You made that child to do that thing under the table, and someone should have stopped you. I should have stopped you.
Cabaret La Prospérité was only steps off Avenue de l’Indépendance, that pot holed asphalt stretch through town, the road north to Kigali and south to Bujumbura.
La Prospérité served smokey goat brochette and pili pili beans with rice. The patronesse swept the concrete floor many times a day and splashed it with disinfectant at closing. The Primus was always cold.
My roommate, my best friend discovered the place. Said we should take a chance. Always the ringleader, the instigator, the author of wild times. Do you remember scaling the wall at Maison d’Accueil for a midnight swim? Or hitching with the Papal Nuncio? You tried to kiss his ring.
After drinks one evening at Club Maribou, where Priska and Prudence Bébé, the “girls,” sat on our laps and teased us, you and I and a couple of the French volunteers, headed to La Prospérité. We were the sole patrons. The child would serve us. I say child; she was seventeen or eighteen, but simple.
She’d done nothing with her hair, I remember. No ties or braids, just unmanaged frizz, not the sexy fro. And instead of a beautiful pagne and matching top, she wore a dull, knee length skirt and print blouse with puffy sleeves as if outfitted by Mormons. She would have been wearing Bata sandals, plastic.
She was dark and skinny, not thin, there’s a difference, and vacant, disinterested, cold. Maybe her lack of engagement only evinced the gap between our being and hers, a great void that nothing could bridge. Or maybe malnourished at birth she was feeble minded, damaged. Whatever the case, she wasn’t right.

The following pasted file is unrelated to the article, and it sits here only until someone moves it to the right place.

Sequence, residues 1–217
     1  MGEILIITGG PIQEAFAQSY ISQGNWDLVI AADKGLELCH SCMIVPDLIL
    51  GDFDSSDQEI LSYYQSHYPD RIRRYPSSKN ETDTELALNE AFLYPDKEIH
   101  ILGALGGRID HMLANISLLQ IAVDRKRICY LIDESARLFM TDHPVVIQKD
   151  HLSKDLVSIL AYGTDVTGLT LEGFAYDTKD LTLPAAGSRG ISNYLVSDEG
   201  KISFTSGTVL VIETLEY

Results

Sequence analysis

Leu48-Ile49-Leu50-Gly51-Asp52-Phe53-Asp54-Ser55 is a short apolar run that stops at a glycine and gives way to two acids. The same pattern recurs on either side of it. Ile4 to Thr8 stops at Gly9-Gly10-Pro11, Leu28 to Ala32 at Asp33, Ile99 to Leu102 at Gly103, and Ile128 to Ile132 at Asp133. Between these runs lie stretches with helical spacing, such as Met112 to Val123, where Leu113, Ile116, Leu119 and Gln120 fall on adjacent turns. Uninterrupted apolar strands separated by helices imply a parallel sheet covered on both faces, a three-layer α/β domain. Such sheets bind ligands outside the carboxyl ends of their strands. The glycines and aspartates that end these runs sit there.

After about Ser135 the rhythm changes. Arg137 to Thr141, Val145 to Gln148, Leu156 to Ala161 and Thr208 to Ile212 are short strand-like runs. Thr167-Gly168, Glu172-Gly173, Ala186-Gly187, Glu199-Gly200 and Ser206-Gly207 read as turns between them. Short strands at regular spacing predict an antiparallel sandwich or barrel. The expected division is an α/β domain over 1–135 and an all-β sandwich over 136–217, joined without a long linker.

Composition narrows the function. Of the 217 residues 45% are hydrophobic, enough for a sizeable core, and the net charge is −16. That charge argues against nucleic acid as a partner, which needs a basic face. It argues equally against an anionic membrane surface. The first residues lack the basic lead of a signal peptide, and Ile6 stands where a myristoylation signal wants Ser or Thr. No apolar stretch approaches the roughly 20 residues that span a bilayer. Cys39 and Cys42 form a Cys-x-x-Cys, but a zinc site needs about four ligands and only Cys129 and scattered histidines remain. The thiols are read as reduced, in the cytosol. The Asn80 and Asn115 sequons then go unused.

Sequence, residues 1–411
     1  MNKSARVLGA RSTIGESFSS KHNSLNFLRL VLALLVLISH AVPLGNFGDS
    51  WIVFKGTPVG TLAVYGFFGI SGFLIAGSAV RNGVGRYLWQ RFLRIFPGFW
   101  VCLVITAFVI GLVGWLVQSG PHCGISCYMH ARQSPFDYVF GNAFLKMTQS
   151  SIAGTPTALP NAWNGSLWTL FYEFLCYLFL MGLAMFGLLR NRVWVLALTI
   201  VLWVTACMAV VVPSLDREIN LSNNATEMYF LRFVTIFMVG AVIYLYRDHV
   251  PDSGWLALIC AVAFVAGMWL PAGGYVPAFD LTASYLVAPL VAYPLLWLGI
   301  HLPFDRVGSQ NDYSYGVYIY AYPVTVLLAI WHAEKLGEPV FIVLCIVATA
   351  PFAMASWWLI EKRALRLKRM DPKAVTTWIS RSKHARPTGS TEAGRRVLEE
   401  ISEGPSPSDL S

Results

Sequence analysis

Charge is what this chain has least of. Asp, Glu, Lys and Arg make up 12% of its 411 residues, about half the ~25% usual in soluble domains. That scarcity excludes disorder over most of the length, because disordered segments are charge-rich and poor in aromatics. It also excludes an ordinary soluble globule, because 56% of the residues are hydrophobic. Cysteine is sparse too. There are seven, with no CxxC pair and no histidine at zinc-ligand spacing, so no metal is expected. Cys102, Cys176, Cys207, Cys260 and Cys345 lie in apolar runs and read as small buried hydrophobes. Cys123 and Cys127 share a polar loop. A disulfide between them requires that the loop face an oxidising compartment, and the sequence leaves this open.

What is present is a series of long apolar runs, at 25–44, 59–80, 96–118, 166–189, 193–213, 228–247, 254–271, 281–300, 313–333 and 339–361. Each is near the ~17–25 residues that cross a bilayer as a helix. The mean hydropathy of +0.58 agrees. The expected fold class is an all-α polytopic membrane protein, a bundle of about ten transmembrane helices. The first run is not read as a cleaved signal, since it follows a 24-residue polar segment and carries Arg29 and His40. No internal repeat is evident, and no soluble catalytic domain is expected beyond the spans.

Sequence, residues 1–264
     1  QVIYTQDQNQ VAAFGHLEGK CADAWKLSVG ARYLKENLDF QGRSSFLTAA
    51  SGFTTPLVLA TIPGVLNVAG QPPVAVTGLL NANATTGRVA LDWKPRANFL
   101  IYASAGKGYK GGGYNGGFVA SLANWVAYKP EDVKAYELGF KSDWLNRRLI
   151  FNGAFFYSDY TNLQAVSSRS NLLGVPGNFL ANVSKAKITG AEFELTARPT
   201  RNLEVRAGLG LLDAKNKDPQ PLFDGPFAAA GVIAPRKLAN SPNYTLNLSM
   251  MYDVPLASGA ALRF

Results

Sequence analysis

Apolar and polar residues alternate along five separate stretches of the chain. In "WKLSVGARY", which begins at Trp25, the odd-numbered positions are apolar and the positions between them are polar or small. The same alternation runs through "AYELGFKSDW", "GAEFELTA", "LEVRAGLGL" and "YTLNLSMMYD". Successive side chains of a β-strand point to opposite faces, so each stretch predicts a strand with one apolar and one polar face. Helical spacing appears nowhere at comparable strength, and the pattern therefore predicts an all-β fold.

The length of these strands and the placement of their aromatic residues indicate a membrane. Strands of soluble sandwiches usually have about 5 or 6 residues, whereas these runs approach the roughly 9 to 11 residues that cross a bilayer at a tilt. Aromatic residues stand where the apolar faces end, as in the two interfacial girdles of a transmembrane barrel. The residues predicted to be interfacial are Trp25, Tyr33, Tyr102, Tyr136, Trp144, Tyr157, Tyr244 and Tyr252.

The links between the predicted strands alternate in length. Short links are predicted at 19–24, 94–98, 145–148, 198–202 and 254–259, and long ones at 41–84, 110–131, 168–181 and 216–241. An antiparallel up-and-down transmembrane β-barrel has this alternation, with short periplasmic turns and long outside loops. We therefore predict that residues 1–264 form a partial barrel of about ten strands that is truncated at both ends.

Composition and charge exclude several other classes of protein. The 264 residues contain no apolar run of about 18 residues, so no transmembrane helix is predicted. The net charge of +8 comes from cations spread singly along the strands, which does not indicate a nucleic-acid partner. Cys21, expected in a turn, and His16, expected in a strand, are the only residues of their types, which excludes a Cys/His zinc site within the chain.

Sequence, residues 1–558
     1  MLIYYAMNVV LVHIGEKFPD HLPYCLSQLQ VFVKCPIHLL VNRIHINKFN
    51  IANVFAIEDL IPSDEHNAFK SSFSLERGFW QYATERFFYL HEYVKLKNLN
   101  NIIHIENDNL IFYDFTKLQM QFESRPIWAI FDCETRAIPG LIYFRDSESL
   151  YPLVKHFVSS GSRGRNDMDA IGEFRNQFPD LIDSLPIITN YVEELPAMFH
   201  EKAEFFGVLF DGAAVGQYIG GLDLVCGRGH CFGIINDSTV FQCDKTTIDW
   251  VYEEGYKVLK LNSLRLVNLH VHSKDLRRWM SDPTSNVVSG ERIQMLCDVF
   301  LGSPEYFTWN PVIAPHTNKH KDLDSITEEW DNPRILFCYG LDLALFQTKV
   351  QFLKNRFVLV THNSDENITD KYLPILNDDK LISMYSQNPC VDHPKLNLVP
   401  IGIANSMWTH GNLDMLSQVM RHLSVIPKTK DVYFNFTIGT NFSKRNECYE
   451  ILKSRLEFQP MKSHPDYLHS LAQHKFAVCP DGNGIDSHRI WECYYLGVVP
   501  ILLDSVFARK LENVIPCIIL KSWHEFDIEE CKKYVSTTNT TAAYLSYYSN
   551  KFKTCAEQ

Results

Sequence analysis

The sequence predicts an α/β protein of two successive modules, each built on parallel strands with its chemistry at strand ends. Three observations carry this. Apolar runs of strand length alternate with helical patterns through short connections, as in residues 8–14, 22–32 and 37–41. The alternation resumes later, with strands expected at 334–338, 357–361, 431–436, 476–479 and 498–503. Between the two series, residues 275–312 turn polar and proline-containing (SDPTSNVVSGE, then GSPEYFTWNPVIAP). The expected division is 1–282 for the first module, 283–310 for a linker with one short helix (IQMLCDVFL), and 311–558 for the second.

Arriving in Butare a year earlier, we’d expected the warmth of the Congolais with whom we’d trained. Instead, Rwandans filled the atmosphere with suspicion, intrigue, secrets. But this all accounted for disappointment only, not hatred. So why you made her do it, I don’t understand.
You waved a five hundred franc note and told her to go below the table and use her mouth, and you slid down your jeans suggesting we could all do the same. And she disappeared below and acted as you’d instructed, but you brought her up quickly.
She just stood there then, beside you. Dumb, dazed, waiting, no different than before, really. And finally you laughed and tucked the note down her blouse and told her to bring another round, and she flip flopped away. No one spoke. Nothing could right the wrong.
We never returned to La Prospérité. We never discussed it. I blame myself; I expected too much of you, always waiting for the story to tell. I don’t forgive you, but neither do I forgive myself. No grace can be found.
Steven Gowin is a corporate video producer in San Francisco. His recent publications have appeared or are appearing in Digging Through the Fat, The Santa Fe Literary Review, Revolution John, and Camroc Press Review.